How, Why & Where To Use Self-Clinching Fasteners

Fastener Installation | FAQ | Glossary of Terms | Anatomy of Self-Clinching Fasteners | Self-Clinching Fastener Handbook (PDF)

Key Advantages Of Self-Clinching Fasteners

  • Provide strong threads or attachment in metal as thin as 0.20 mm / .008″.
  • May be installed using any parallel acting squeezing force.
  • Provide high pushout and torque-out resistance.
  • Do not require special hole preparation, such as chamfering and deburring.
  • Reverse side of metal sheet remains flush – no swaged rim protrusion.
  • No retapping necessary after application.
  • Low installed costs.
  • Can be installed using automated equipment for high volume applications. See PEMSERTER® presses.

Design For Assembly

Self-clinching fasteners help designers meet DFA parameters which include:

  • Fewer parts to handle. Hardware such as washers, lock washers and loose nuts are no longer required in final assembly.
  • Fewer assembly steps. Since the task of hardware installation is done during fabrication, the number of steps required for final assembly time is reduced.
  • Less total assembly time. Fewer parts and less steps mean shorter assembly time.

Broadly defined, a self-clinching fastener (also known as clinch or captive fastener) is any device, usually threaded, that, when pressed into ductile metal, displaces the host material around the mounting hole, causing it to cold flow into a specially designed annular recess in the shank or pilot of the fastener. A serrated clinching ring, knurl, ribs or hex head prevents the fastener from rotating in the host material once it has been properly inserted. Thus, self-clinching fasteners become a permanent part of the panel, chassis, bracket, or other item into which they are installed. (View Animation)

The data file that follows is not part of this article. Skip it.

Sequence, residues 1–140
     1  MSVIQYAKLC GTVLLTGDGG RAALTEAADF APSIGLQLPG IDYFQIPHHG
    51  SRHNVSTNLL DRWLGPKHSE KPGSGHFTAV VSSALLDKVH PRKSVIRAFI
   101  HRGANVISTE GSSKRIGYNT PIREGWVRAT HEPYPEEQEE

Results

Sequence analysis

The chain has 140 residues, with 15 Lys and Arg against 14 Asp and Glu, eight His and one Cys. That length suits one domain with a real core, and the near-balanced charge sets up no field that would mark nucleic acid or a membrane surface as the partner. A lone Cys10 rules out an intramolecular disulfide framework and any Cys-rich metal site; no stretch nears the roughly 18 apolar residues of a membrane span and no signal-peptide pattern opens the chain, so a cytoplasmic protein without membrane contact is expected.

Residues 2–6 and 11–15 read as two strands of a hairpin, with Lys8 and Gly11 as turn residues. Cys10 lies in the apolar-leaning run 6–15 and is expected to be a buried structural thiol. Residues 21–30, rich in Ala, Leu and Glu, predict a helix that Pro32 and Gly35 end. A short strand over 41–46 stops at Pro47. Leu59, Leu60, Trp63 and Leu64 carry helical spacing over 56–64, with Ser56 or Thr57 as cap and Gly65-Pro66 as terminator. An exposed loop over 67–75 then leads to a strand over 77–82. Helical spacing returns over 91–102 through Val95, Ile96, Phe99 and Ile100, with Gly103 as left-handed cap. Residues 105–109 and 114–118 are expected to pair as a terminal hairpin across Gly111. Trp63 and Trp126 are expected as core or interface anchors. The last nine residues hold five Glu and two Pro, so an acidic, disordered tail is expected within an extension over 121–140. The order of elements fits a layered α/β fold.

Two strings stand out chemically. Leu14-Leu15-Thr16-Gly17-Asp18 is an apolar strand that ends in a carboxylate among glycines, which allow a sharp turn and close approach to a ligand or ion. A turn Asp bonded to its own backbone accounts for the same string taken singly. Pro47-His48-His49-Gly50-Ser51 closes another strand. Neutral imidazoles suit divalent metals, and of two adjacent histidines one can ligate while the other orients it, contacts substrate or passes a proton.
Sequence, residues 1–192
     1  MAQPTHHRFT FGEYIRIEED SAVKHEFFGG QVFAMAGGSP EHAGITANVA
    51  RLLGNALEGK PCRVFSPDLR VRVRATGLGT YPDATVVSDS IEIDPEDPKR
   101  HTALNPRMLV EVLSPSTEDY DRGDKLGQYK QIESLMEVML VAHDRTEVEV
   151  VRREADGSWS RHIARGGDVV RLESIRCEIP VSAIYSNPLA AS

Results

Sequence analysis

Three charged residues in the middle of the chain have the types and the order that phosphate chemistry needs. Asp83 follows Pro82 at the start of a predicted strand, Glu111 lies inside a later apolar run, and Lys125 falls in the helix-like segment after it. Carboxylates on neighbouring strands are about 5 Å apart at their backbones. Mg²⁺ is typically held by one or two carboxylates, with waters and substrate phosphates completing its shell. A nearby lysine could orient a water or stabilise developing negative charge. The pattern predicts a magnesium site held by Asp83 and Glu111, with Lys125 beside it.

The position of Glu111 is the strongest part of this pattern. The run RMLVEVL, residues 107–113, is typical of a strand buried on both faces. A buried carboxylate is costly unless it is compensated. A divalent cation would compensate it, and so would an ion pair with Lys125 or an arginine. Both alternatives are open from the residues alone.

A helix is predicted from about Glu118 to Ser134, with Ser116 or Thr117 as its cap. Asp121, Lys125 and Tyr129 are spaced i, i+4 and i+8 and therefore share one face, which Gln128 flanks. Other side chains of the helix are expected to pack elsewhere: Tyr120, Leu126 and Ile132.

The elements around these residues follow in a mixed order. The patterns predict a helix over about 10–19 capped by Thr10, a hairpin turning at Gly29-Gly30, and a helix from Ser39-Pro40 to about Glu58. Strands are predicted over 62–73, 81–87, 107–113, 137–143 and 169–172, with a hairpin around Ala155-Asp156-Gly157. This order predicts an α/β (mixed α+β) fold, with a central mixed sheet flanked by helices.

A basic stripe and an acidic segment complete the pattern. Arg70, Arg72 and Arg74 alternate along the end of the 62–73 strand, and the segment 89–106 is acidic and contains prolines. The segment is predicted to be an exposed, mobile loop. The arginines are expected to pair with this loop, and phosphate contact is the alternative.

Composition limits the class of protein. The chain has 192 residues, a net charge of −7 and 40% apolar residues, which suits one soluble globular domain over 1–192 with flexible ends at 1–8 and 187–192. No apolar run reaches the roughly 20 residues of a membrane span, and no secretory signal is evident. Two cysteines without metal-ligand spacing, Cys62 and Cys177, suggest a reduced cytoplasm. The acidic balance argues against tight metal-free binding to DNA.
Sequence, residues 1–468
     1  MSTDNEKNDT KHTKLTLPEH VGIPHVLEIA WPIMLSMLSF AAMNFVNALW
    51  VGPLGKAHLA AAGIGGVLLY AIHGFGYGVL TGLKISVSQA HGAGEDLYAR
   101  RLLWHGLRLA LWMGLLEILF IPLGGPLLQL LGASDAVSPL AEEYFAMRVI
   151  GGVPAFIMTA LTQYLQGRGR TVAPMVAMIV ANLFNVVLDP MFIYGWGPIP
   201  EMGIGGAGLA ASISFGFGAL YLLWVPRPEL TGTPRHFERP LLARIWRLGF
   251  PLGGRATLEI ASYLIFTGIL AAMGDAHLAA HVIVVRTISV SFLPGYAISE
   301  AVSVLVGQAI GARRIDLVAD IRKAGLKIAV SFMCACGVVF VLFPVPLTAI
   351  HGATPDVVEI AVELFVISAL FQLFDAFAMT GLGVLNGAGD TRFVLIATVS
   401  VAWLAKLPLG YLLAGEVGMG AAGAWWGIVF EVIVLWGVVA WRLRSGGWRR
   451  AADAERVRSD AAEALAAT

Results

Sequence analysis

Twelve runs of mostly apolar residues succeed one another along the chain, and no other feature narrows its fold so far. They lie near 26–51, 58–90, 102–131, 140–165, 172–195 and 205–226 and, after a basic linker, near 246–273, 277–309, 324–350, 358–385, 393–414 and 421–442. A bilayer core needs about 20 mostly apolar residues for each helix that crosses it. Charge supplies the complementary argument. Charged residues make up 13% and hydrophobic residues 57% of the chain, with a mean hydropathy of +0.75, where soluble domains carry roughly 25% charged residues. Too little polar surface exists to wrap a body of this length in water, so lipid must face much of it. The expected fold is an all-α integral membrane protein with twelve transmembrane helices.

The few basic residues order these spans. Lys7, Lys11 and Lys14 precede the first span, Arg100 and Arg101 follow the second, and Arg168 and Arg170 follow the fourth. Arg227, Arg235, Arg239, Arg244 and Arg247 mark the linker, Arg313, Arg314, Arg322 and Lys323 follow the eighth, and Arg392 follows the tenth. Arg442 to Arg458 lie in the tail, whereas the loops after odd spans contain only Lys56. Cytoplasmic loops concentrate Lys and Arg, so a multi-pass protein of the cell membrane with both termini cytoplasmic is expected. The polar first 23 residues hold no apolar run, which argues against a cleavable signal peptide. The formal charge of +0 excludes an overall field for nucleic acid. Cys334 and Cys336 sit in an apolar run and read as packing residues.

Generally, self-clinching fasteners take less space and require fewer assembly operations than caged or anchor nuts. They also have greater reusability and more holding power than sheet metal screws. They are used chiefly where good pullout and torque loads are required in sheet metal that is too thin to provide secure fastening by any other method. Even if the sheet is thick enough to sustain tapping, it may actually be more economical to use self-clinching fasteners with gaugeable threads. They can be installed during fabrication or during final assembly to eliminate loose hardware. In fact, the use of self-clinching fasteners often will support a thinner sheet metal, and permit a real reduction in installed cost over the cost of other fastener designs. Because of their compact design and low profile, they provide for a neat appearance, too.

As a rule, a self-clinching fastener should be specified whenever a component must be readily replaced and where “loose” nuts and hardware wouldn’t be accessible. If the attaching “nuts” and “screws” can’t be reached after a chassis or cabinet is assembled, self-clinching fasteners can be installed during metal fabrication and can simplify and expedite component mounting and assembly operations, including those performed in the field.